Comparing transmission potential networks based on social network surveys, close contacts and environmental overlap in rural Madagascar

Kayla Kauffman, Courtney S. Werner, Georgia Titcomb, Michelle Pender, Jean Yves Rabezara, James P. Herrera, Julie Teresa Shapiro, Alma Solis, Voahangy Soarimalala, Pablo Tortosa, Randall Kramer, James Moody, Peter J. Mucha, Charles Nunn

Research output: Contribution to journalArticlepeer-review

4 Scopus citations


Social and spatial network analysis is an important approach for investigating infectious disease transmission, especially for pathogens transmitted directly between individuals or via environmental reservoirs. Given the diversity of ways to construct networks, however, it remains unclear how well networks constructed from different data types effectively capture transmission potential. We used empirical networks from a population in rural Madagascar to compare social network survey and spatial data-based networks of the same individuals. Close contact and environmental pathogen transmission pathways were modelled with the spatial data. We found that naming social partners during the surveys predicted higher close-contact rates and the proportion of environmental overlap on the spatial data-based networks. The spatial networks captured many strong and weak connections that were missed using social network surveys alone. Across networks, we found weak correlations among centrality measures (a proxy for superspreading potential). We conclude that social network surveys provide important scaffolding for understanding disease transmission pathways but miss contact-specific heterogeneities revealed by spatial data. Our analyses also highlight that the superspreading potential of individuals may vary across transmission modes. We provide detailed methods to construct networks for close-contact transmission pathogens when not all individuals simultaneously wear GPS trackers.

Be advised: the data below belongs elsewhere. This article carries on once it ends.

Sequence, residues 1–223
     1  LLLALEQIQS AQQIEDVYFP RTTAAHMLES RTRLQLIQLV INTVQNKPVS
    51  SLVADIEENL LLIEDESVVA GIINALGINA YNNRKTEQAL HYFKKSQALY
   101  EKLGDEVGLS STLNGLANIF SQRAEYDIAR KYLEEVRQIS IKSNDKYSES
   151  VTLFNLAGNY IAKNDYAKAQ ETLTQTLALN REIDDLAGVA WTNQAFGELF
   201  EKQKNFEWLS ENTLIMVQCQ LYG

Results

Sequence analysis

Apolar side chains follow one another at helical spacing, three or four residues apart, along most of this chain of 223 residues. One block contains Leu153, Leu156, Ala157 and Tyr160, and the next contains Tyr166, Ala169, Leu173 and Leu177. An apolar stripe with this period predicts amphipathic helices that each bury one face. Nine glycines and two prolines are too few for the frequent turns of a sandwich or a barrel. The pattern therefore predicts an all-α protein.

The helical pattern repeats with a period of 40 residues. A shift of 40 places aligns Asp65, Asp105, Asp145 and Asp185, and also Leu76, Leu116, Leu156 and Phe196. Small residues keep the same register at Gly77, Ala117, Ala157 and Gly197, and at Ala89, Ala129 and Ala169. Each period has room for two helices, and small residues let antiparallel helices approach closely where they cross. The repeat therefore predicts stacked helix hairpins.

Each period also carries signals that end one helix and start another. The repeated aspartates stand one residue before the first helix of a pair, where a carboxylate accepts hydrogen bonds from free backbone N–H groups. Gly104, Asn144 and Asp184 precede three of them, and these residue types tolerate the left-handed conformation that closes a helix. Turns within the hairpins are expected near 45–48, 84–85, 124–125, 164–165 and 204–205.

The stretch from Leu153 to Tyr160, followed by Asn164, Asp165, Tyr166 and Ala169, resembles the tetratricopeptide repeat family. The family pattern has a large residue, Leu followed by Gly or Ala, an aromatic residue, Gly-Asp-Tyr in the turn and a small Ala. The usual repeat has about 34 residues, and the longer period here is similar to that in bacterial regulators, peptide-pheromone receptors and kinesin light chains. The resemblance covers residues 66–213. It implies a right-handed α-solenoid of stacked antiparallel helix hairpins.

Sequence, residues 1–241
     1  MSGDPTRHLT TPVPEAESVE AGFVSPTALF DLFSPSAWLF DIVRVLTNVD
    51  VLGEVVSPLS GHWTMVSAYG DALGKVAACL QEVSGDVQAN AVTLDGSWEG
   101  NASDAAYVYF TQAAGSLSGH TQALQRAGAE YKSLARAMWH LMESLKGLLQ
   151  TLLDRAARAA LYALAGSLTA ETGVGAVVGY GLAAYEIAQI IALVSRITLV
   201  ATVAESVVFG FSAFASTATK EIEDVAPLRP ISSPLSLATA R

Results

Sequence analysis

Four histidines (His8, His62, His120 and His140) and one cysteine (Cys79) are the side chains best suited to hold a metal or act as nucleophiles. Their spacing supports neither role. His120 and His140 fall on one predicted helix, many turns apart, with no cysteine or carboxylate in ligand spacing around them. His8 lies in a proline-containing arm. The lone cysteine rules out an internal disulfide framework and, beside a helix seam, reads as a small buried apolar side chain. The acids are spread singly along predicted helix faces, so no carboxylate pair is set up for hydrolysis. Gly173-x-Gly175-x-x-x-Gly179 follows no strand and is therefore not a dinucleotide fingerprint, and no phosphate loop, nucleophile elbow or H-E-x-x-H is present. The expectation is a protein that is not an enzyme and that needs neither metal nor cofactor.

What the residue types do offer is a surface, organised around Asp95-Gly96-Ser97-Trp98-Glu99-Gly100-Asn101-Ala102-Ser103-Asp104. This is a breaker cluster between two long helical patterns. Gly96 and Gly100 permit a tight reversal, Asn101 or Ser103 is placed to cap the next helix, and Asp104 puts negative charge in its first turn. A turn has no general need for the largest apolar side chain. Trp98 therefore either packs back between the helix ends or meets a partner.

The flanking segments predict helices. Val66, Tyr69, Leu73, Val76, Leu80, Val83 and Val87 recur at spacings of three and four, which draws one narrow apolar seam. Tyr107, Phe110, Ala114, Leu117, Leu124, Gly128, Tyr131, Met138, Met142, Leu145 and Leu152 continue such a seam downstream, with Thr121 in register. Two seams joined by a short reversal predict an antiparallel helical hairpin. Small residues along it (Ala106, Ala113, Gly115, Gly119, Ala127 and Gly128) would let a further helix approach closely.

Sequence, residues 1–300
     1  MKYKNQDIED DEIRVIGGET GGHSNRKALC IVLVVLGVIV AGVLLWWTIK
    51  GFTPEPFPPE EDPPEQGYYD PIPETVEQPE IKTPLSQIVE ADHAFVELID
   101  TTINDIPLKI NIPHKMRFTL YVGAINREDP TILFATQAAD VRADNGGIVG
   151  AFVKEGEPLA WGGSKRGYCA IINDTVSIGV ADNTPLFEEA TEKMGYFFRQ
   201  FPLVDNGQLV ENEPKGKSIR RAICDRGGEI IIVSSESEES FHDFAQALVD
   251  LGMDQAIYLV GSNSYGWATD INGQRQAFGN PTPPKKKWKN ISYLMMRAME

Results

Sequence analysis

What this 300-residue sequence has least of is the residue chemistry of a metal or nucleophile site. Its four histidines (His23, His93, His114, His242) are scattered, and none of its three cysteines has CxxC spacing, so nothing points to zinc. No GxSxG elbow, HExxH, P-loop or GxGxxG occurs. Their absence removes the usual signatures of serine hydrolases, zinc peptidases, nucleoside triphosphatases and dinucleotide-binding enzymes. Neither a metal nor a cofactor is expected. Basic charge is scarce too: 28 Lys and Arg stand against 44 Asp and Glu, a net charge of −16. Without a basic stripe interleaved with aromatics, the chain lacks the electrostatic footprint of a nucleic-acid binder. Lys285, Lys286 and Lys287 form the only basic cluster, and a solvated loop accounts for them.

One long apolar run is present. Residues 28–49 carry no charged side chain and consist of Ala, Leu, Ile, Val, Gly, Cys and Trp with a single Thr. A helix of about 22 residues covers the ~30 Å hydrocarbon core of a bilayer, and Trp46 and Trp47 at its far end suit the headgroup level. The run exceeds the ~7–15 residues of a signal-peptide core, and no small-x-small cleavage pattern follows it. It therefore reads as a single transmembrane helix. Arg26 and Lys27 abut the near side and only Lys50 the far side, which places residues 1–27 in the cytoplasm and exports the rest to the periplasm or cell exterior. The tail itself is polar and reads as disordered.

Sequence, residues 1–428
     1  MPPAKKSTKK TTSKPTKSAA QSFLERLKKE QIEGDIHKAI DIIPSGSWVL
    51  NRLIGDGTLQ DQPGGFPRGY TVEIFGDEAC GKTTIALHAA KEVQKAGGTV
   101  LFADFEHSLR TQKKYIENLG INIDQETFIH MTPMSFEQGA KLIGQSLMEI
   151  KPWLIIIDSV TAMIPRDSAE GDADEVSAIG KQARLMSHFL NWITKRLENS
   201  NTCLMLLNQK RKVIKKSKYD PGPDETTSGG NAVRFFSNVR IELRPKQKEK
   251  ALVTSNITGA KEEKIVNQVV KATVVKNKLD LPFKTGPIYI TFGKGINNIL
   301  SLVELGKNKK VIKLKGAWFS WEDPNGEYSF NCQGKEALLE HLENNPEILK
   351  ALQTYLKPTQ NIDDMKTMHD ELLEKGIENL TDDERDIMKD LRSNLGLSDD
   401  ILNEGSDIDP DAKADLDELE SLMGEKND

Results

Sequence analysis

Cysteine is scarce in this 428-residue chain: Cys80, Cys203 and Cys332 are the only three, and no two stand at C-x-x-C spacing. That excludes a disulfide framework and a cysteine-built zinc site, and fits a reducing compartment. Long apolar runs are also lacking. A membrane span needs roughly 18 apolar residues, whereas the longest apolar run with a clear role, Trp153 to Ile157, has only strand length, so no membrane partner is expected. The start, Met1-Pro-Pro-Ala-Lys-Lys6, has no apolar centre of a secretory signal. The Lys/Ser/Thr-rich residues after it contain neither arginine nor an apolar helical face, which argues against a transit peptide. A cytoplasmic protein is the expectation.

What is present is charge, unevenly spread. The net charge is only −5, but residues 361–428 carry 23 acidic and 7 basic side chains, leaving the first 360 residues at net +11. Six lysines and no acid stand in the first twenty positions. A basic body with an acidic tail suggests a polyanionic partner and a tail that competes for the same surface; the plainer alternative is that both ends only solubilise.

Original languageEnglish
Article number20210690
JournalJournal of the Royal Society Interface
Issue number186
StatePublished - 1 Jan 2022


  • infectious disease transmission
  • spatial networks
  • superspreading potential
  • transmission pathways
  • transmission potential networks

ASJC Scopus subject areas

  • Bioengineering
  • Biophysics
  • Biochemistry
  • Biotechnology
  • Biomedical Engineering
  • Biomaterials


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